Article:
One of the truisms that often comes up when discussing Open Access (OA) business models is that the majority of OA journals do not charge authors an article processing charge (APC). This has been a standard talking point supported by multiple studies (most now a few years out of date), and by the continuing work of Walt Crawford. It’s a statement on hears over and over (a quick Google search provides mentions here, here, here, here, here, here, and here — if Wikipedia says it’s true, it must be, right?). It’s a factoid I myself have used in arguments. But is it really an accurate representation of the OA publishing market? A closer look suggests that by strictly limiting the definition of what qualifies as an “OA journal”, we may be missing out on what’s actually happening.
Crawford recently released his latest set of preliminary numbers (his work continues to be tremendously valuable in helping track and understand OA growth). Taking his strictest criteria, and limiting the analysis just to journals that have actually published an article in the last year, he gets the following results: for 2014, there were 8,760 OA journals, and publishing in 73% (6,395) of them was free for authors (no APC charged). The percentage of total OA articles in those journals was 43%.
This immediately offers up a caveat to the notion that most OA is published without author charges. Most journals in the study do not charge authors, but the majority of authors are choosing to publish in journals that do charge. 27% (2,365) of the journals studied required an APC and were responsible for 57% of the articles.
The journals in the study, however, do not represent the entire spectrum of OA journal publishing. As Crawford noted in a recent comment thread on this site, the pool of journals examined is limited to fully gold OA journals listed by the Directory of Open Access Journals (DOAJ). That means no hybrid journals or articles published OA in hybrid journals were counted.
The reason for this limitation is a practical one — there’s no easy way to measure the numbers of hybrid journals and articles, and there’s no easy way to track journals and articles not listed in the DOAJ. But this practical limitation also creates limitations on the conclusions that can be drawn.
Precise language is key to scientific understanding. As a former journal editor, the most common problem I had to correct from authors was a tendency toward language that overstated their conclusions — calling a cellular factor “necessary” for some action, rather than “sufficient” is a common example. Some of this was deliberate fuzziness borne out of wishful thinking in hopes of supporting a preconceived model, while the majority was unintentional and just poor choices of words.
To be precise then, stating that the majority of OA journals do not charge an APC is going beyond what the data tells us. What we can safely say is that the majority of fully gold OA journals listed by the DOAJ do not charge APCs, though they do not produce the majority of articles from that pool.
What about those hybrid journals and articles? Can they be summarily dismissed from the discussion, or are they worth a look?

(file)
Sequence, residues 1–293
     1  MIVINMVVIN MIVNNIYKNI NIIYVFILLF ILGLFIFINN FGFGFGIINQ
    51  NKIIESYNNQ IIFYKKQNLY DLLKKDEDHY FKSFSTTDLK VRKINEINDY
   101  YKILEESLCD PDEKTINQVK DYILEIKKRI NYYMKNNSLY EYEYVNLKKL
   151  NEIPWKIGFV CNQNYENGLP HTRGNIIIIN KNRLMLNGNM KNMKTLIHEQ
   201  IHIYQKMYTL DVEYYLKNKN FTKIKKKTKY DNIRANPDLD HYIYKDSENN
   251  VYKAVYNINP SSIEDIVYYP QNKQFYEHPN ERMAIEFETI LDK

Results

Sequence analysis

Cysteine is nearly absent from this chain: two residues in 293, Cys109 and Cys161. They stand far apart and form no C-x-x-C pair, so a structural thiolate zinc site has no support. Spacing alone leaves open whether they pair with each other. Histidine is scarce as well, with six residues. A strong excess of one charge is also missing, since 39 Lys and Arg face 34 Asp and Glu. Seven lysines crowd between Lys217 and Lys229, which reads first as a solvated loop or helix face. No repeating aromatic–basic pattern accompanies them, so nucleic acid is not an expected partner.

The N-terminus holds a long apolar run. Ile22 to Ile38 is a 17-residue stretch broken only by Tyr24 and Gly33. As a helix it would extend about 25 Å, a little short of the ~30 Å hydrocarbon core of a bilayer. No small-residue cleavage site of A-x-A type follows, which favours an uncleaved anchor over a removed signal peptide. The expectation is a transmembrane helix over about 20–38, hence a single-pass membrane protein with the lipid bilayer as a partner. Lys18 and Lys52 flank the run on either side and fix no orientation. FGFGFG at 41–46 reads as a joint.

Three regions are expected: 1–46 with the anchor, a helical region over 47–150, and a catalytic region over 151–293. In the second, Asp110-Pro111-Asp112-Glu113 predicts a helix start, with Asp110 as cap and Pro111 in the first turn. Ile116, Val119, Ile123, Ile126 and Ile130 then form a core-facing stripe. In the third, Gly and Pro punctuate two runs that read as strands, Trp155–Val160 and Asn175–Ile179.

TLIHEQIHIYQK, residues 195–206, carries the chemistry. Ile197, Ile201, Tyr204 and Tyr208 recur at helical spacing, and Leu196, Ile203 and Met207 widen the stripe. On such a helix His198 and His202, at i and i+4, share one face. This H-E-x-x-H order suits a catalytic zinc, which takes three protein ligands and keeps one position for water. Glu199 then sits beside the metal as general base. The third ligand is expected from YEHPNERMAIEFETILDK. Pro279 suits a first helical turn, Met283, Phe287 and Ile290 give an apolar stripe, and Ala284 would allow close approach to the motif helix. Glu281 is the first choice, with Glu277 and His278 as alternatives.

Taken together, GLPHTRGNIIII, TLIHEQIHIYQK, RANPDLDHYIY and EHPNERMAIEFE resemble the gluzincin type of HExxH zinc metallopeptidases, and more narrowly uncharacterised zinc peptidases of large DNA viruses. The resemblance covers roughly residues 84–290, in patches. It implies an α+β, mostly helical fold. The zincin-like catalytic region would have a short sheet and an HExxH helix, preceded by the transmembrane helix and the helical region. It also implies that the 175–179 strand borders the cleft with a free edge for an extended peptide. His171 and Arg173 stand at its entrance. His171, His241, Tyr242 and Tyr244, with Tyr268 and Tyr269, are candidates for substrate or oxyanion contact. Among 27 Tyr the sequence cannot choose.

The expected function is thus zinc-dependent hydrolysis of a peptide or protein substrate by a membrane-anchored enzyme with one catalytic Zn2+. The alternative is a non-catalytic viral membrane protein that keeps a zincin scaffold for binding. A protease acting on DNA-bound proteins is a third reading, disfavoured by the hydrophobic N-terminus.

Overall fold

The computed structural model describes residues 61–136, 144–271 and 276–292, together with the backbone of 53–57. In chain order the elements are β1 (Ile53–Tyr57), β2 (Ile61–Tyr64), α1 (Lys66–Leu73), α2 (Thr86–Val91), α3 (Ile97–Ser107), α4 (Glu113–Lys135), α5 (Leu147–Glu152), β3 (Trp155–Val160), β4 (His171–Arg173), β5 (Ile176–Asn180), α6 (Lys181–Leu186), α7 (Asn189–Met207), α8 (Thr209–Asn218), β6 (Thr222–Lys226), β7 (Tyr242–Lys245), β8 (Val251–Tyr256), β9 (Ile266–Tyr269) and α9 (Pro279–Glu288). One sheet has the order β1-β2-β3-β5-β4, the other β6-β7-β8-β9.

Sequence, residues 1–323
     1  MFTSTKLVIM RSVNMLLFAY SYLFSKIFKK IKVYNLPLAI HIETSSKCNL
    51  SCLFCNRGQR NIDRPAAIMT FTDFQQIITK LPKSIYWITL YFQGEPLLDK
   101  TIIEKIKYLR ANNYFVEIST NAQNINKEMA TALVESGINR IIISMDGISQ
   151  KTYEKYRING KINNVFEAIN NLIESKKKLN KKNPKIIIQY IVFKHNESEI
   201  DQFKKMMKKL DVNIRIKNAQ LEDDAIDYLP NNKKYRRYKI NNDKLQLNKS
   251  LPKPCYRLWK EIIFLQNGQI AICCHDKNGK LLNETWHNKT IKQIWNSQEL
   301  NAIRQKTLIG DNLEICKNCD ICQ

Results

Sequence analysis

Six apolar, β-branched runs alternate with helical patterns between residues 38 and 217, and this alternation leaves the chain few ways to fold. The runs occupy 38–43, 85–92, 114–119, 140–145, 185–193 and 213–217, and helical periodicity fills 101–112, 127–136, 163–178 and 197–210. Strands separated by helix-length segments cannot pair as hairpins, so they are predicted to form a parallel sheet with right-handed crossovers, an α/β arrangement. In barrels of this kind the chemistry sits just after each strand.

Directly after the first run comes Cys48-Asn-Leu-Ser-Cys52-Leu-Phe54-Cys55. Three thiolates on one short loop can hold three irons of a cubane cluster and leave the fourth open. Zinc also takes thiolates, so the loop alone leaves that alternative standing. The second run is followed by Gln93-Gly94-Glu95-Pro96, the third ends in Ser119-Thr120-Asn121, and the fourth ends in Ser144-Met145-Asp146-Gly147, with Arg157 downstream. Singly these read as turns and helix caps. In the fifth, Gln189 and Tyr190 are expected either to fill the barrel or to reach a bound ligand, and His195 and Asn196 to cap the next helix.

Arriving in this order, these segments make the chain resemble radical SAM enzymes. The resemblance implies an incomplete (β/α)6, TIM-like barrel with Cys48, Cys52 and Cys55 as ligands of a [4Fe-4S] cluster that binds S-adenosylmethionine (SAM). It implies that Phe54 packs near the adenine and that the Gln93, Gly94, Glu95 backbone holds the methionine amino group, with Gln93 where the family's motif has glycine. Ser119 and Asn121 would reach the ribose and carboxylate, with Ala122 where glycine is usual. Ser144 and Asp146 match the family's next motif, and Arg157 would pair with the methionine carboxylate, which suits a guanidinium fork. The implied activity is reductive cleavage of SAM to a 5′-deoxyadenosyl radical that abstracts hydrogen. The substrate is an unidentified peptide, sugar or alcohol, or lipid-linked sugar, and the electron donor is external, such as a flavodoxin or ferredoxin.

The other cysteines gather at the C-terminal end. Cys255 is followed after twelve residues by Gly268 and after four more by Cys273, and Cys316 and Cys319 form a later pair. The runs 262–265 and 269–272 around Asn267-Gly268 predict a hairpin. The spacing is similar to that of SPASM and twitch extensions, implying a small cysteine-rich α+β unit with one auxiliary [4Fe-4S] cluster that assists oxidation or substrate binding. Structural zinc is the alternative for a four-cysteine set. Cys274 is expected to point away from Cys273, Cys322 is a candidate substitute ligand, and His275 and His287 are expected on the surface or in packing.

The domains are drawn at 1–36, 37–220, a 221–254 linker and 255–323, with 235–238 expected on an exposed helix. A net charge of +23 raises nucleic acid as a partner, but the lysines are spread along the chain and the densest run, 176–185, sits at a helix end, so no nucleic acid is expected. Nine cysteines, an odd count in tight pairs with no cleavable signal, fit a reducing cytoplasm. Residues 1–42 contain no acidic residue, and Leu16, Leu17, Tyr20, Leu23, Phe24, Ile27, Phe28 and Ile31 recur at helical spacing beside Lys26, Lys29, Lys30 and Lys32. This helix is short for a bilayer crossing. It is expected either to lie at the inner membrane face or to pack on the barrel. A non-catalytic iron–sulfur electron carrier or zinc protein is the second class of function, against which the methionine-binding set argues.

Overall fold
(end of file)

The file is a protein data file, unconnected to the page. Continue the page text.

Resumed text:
To get a quick sense of the numbers I spent 20 minutes or so digging around some of the bigger publisher websites:
- Elsevier: 1,676 journals listed as having a hybrid OA option
- Wiley: 1,300 journals listed as having OA available, 33 listed in DOAJ so 1,277 titles can be counted
- Springer: “the majority of our 2000+ journals” offer an OA option, so at minimum 1,001 titles
- Taylor & Francis: hybrid OA available for over 1,600 journals
- Sage: 630 journals listed as having a hybrid option
- Oxford University Press: 250+ hybrid journals
- Cambridge University Press: “over 200” hybrid journals
That gives a total of at least 6,634 journals offering OA publication from just a quick sampling, leaving out many large publishers and a huge number of smaller university presses and independents. Add that to Crawford’s earlier totals and the conclusion is reversed: at least 58% (8,999) of journals that offer OA publishing do indeed charge an APC.*
If you spend much time in the world of altmetrics and DORA, it may be more forward-thinking to look at the world on an article level. We live in an article-level economy, and an individual article should be judged for its own merits, not averaged in with its neighbors.
Add in then the number of articles published by authors taking up the hybrid option and the total number of OA articles published with an APC increases even further into the majority. These numbers are hard to come by, but for OUP, they’ve been pretty steady for the last few years, ranging from 4% to 6% of total articles (5.01% for 2014). Our total numbers have increased due to the increasing number of journals and articles published each year.
So to more clearly state things:
- The majority of fully gold OA journals listed by the DOAJ do not charge authors an APC.
- The majority of journals offering OA publication to authors charge APCs.
- The majority of OA papers are published via paying an APC.
The distinctions are important here. When making business plans or setting policies, it is crucial to have an accurate picture of current publishing practices, and the clear picture here is that most OA publishing is done for a fee.
*My numbers still exclude fully gold OA journals not included in the DOAJ so the conclusions must include this caveat, but given the enormous number of questionable/predatory/deceptive journals that fall into this category and that certainly charge APCs, their inclusion would likely only push things further in the direction of APC required OA.